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I am using slre (https://code.google.com/p/slre/) for providing a regex library for a c program.

I want to match an IP address with following pattern: "^(([0-9]|[1-9][0-9]|1[0-9]{2}|2[0-4][0-9]|25[0-5])\.){3}([0-9]|[1-9][0-9]|1[0-9]{2}|2[0-4][0-9]|25[0-5])$"

I get following compile error: Warning: unknown excape sequence '\.' I also tried it with '\\.' --> the compile error is gone, but it's still saying it doesn't match.

   if (!slre_compile(&slre, settings[i].regex)) {
       printf("Error compiling RE: %s\n", slre.err_str);
   } 
   else if (!slre_match(&slre, settings[i].value, strlen(settings[i].value), captures)) {
       printf("\nSetting '%s' does not match the regular expression!", settings[i].internName);
   }

settings[i].regex is a char* with the regular expression I mentioned above settings[i].value is a char* the string I am trying to match is 8.8.8.8

Is there any other way to check for a dot?

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1  
Putting special characters in a character class (in your case [.]) is considered a best practice. –  Micha Wiedenmann May 16 '13 at 19:14
3  
\. in a regex is the correct way to check for a dot, \\. is the correct way to represent that in a C string. Please provide the code where you attempt the match. –  Andrew Clark May 16 '13 at 19:15
1  
That matches an IPv4 address, not URL. –  nhahtdh May 16 '13 at 19:16
    
You need two backslashes, one to escape the following backslash in the C string literal, and one to escape the . for the regular expression engine. Please show us the string that it's failing to match. –  Keith Thompson May 16 '13 at 19:19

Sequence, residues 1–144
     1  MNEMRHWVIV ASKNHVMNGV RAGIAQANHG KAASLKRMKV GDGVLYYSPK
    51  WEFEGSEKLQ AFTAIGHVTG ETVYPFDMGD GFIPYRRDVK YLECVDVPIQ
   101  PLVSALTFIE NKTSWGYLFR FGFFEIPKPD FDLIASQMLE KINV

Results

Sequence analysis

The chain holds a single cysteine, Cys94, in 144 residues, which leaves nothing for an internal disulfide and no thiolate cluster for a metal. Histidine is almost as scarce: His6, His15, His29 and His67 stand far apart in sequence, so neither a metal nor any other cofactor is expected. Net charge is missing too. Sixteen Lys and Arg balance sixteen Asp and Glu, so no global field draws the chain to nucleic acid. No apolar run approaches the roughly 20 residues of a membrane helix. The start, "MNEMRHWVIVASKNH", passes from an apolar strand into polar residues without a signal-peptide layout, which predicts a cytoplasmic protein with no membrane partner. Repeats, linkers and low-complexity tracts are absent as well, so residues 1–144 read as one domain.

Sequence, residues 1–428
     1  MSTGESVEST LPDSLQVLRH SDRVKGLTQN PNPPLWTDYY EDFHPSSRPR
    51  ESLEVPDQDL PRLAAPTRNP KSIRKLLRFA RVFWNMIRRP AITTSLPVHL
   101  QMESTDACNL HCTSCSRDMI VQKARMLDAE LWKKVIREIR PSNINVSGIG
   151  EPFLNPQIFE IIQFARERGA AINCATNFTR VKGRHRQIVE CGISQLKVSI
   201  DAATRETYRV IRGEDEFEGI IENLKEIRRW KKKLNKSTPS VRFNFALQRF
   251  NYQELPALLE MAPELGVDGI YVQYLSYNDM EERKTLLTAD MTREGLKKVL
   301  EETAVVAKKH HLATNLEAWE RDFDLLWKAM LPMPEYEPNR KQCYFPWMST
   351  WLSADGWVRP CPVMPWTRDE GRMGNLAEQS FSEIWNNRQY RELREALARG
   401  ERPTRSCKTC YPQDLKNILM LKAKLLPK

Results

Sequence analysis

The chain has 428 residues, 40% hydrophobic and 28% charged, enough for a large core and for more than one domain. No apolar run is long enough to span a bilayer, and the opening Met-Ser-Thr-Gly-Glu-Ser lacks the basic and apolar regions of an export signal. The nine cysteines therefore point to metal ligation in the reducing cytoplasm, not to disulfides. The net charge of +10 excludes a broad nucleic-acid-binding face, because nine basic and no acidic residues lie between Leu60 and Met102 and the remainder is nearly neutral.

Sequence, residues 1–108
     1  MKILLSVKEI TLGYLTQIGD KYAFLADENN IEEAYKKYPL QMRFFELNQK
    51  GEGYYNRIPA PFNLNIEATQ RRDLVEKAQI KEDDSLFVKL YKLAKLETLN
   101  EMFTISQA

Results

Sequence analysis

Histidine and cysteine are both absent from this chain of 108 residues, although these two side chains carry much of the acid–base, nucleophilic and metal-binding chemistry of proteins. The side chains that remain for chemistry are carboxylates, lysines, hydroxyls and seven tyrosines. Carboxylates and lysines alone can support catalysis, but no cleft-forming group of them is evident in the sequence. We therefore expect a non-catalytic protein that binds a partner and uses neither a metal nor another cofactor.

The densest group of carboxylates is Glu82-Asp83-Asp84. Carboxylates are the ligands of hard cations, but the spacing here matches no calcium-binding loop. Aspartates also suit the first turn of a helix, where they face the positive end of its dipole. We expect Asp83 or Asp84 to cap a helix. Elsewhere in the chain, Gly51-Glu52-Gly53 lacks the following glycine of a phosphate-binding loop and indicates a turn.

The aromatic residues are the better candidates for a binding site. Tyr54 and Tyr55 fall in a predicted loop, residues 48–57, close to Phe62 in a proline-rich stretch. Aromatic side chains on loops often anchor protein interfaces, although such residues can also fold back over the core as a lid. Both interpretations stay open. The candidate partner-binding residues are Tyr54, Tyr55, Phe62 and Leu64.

okay I added the information you guys requested, thanks in advance! –  kaljak May 16 '13 at 19:21

3 Answers 3

up vote 3 down vote accepted

Try [.]

Dot isn't special inside character class.

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The C compiler is seeing your backslash as an attempt to escape a character in C, in the same way that \n becomes a newline. You need to use a double-backslash:

\\.

The C compiler will turn that into a single backslash and pass that to the regex library.

That's the source of the compiler warning - if it's still not matching after you add the extra backslash then you have a different problem as well.

According to http://derekslager.com/blog/posts/2007/09/a-better-dotnet-regular-expression-tester.ashx your regex does match 8.8.8.8, so the problem isn't with the regex itself.

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Your question is about C, but if you can compile with C++11 you can have a look to literal raw string

http://www.open-std.org/jtc1/sc22/wg21/docs/papers/2007/n2442.htm

std::string literal_string = R"literal string\. \n";
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